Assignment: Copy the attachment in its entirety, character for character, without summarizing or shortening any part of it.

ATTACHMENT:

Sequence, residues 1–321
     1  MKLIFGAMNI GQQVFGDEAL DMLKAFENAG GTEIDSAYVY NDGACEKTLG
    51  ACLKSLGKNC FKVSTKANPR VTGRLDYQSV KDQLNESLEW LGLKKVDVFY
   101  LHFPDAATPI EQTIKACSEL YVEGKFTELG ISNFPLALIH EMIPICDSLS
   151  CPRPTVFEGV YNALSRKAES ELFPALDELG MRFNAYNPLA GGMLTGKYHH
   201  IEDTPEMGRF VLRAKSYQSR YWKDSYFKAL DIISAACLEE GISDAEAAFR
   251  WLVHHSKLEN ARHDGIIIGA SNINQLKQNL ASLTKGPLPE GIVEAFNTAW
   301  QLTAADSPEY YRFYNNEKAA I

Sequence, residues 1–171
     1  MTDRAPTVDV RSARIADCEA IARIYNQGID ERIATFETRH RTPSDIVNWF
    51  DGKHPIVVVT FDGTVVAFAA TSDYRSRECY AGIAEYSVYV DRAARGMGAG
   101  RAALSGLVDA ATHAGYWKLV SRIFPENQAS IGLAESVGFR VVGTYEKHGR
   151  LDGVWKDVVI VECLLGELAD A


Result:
Sequence, residues 1–321
     1  MKLIFGAMNI GQQVFGDEAL DMLKAFENAG GTEIDSAYVY NDGACEKTLG
    51  ACLKSLGKNC FKVSTKANPR VTGRLDYQSV KDQLNESLEW LGLKKVDVFY
   101  LHFPDAATPI EQTIKACSEL YVEGKFTELG ISNFPLALIH EMIPICDSLS
   151  CPRPTVFEGV YNALSRKAES ELFPALDELG MRFNAYNPLA GGMLTGKYHH
   201  IEDTPEMGRF VLRAKSYQSR YWKDSYFKAL DIISAACLEE GISDAEAAFR
   251  WLVHHSKLEN ARHDGIIIGA SNINQLKQNL ASLTKGPLPE GIVEAFNTAW
   301  QLTAADSPEY YRFYNNEKAA I

Sequence, residues 1–171
     1  MTDRAPTVDV RSARIADCEA IARIYNQGID ERIATFETRH RTPSDIVNWF
    51  DGKHPIVVVT FDGTVVAFAA TSDYRSRECY AGIAEYSVYV DRAARGMGAG
   101  RAALSGLVDA ATHAGYWKLV SRIFPENQAS IGLAESVGFR VVGTYEKHGR
   151  LDGVWKDVVI VECLLGELAD A